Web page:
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Etch A Sketch inventor dies at 86
“Etch A Sketch has brought much success to the Ohio Art Company, and we will be eternally grateful to Andre for that. His invention brought joy to so many over such a long period of time,” said Larry Killgallon, president of Ohio Art.
Then an electrical technician, Cassagnes came upon the Etch A Sketch idea in the late 1950s when he peeled a translucent decal from a light switch plate and found pencil mark images transferred to the opposite face, the Toy Industry Association said.
Ohio Art saw his idea at the Nurenberg Toy Fair in 1959. The toy, with its gray screen, red frame and two white knobs that are twisted back and forth to create drawings, was launched in 1960 and became the top seller that holiday season. More than 100 million have been sold worldwide since.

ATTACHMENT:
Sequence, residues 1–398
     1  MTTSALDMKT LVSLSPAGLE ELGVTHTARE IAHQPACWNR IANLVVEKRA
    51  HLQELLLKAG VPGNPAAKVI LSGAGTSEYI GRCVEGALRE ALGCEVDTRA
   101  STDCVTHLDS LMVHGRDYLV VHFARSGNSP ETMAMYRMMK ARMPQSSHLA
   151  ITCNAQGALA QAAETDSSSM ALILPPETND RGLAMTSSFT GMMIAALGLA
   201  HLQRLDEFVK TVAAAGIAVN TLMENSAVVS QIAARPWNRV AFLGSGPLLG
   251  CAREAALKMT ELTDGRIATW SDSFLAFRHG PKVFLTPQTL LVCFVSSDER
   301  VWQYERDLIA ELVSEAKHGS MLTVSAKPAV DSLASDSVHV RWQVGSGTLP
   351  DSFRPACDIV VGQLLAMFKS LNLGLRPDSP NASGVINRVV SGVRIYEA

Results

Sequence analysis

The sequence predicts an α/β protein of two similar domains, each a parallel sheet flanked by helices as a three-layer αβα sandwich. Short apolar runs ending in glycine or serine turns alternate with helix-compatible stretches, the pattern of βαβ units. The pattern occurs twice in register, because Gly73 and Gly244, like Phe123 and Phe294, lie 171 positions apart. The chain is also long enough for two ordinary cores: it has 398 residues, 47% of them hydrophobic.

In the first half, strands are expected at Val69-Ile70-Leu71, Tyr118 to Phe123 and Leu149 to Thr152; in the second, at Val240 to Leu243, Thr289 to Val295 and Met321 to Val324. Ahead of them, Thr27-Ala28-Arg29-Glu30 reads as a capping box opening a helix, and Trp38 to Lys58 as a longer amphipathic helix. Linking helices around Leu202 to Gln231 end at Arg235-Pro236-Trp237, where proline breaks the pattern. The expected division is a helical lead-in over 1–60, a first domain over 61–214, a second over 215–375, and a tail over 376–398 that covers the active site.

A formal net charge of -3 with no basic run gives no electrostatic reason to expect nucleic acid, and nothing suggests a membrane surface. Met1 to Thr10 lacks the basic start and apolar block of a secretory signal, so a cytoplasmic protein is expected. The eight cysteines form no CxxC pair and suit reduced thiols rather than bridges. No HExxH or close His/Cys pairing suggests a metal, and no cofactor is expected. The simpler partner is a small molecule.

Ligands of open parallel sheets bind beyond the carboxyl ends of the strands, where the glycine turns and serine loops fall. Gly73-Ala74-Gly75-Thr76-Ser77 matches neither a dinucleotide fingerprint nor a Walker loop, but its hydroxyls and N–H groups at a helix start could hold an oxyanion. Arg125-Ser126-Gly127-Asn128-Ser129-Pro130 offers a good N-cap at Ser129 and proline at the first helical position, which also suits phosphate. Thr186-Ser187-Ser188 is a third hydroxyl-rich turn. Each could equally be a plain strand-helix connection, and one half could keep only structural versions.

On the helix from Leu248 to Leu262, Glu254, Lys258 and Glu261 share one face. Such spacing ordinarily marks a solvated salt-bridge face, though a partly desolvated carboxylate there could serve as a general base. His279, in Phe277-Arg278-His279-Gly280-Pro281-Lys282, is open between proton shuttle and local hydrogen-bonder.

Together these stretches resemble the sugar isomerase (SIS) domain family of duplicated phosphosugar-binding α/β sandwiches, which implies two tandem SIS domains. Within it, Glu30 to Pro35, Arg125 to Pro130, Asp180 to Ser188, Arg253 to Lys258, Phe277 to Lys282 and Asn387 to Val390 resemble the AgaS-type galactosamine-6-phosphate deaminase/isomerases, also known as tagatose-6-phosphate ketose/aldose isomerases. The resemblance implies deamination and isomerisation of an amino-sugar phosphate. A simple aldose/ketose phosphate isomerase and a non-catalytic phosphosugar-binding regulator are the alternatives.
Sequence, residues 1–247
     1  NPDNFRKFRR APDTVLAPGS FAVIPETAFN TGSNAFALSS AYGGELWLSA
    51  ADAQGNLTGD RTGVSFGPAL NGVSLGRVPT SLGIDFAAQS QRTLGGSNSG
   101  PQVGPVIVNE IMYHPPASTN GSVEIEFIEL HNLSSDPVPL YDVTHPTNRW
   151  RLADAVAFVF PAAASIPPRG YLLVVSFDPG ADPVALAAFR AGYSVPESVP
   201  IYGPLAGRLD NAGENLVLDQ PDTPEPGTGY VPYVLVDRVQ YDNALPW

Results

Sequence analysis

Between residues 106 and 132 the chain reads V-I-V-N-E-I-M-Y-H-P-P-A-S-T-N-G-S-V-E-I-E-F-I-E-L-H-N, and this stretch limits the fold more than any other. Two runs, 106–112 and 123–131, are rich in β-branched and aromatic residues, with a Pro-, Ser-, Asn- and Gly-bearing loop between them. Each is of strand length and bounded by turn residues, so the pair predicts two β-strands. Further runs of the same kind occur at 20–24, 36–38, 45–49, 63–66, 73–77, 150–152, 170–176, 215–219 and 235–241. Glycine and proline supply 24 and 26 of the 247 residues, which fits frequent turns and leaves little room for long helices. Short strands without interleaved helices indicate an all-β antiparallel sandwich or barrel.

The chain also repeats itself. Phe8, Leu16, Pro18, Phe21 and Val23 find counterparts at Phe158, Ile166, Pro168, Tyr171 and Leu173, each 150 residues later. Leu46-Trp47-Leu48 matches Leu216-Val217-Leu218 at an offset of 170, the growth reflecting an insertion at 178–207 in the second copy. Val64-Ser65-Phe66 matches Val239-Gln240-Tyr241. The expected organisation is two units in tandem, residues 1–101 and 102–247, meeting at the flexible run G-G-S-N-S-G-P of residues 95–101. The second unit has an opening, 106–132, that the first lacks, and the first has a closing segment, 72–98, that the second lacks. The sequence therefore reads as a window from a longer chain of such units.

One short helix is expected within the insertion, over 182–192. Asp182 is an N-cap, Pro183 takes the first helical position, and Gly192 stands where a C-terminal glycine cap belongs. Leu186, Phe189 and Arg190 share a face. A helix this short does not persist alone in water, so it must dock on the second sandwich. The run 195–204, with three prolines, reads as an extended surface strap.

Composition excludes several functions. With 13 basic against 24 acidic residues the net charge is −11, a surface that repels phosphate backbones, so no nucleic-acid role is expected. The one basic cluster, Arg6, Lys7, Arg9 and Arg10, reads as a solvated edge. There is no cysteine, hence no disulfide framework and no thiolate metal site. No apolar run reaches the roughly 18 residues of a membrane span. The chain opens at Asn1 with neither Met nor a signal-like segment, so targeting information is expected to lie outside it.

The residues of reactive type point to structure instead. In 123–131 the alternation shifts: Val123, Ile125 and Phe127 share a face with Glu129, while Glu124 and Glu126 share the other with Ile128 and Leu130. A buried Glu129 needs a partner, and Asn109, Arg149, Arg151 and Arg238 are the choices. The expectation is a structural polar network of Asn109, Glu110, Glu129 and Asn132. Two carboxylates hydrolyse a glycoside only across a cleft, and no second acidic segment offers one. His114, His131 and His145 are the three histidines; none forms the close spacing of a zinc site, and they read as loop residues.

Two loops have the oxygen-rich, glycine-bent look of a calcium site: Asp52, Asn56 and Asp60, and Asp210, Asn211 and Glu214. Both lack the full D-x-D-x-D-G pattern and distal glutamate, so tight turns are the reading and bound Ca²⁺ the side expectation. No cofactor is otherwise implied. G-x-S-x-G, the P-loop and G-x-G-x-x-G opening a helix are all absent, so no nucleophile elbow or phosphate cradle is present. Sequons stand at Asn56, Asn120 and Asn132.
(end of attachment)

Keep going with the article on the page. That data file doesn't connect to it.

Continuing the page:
Though passed over in popularity for video games and gadgets, the toy has a steady market, the company has said. It got a big jump in sales after Etch A Sketch was featured in the first two “Toy Story” movies, and Ohio Art capitalized on a much-publicized gaffe by a Mitt Romney aide during last year’s presidential election, who was asked about his candidate’s views during the primary season versus the general election.
He likened the campaign to an Etch A Sketch: “You can kind of shake it up and we start all over again.”
Democrats and Republicans alike seized on the remark as evidence that Romney was willing to change his positions for political gain. And Ohio Art seized on the publicity, creating a politically themed ad campaign and manufacturing blue versions of the famously red toy.
Etch A Sketches were made in Ohio until 2000, when the company moved production to China because of increasing costs.
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